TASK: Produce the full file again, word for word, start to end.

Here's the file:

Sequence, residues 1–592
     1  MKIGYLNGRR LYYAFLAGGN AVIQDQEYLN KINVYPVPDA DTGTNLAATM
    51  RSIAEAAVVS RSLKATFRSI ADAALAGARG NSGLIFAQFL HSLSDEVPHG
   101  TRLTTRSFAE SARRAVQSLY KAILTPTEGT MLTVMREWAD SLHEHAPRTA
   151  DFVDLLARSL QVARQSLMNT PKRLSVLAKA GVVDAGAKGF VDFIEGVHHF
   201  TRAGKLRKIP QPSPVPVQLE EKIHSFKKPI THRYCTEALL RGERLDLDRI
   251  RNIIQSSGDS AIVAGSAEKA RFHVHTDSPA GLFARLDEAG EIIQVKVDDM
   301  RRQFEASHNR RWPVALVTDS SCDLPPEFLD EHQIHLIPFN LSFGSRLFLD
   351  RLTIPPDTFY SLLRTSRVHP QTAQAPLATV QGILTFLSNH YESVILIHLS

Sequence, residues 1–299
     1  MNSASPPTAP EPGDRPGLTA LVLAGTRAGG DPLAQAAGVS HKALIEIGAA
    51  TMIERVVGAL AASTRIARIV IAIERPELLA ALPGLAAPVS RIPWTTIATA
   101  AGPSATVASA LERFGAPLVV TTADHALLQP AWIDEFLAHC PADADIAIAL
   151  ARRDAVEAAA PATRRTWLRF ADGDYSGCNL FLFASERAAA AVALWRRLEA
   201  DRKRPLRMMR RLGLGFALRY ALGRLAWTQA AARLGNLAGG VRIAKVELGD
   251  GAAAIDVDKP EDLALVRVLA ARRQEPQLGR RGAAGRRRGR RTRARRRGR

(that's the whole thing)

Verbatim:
Sequence, residues 1–592
     1  MKIGYLNGRR LYYAFLAGGN AVIQDQEYLN KINVYPVPDA DTGTNLAATM
    51  RSIAEAAVVS RSLKATFRSI ADAALAGARG NSGLIFAQFL HSLSDEVPHG
   101  TRLTTRSFAE SARRAVQSLY KAILTPTEGT MLTVMREWAD SLHEHAPRTA
   151  DFVDLLARSL QVARQSLMNT PKRLSVLAKA GVVDAGAKGF VDFIEGVHHF
   201  TRAGKLRKIP QPSPVPVQLE EKIHSFKKPI THRYCTEALL RGERLDLDRI
   251  RNIIQSSGDS AIVAGSAEKA RFHVHTDSPA GLFARLDEAG EIIQVKVDDM
   301  RRQFEASHNR RWPVALVTDS SCDLPPEFLD EHQIHLIPFN LSFGSRLFLD
   351  RLTIPPDTFY SLLRTSRVHP QTAQAPLATV QGILTFLSNH YESVILIHLS

Sequence, residues 1–299
     1  MNSASPPTAP EPGDRPGLTA LVLAGTRAGG DPLAQAAGVS HKALIEIGAA
    51  TMIERVVGAL AASTRIARIV IAIERPELLA ALPGLAAPVS RIPWTTIATA
   101  AGPSATVASA LERFGAPLVV TTADHALLQP AWIDEFLAHC PADADIAIAL
   151  ARRDAVEAAA PATRRTWLRF ADGDYSGCNL FLFASERAAA AVALWRRLEA
   201  DRKRPLRMMR RLGLGFALRY ALGRLAWTQA AARLGNLAGG VRIAKVELGD
   251  GAAAIDVDKP EDLALVRVLA ARRQEPQLGR RGAAGRRRGR RTRARRRGR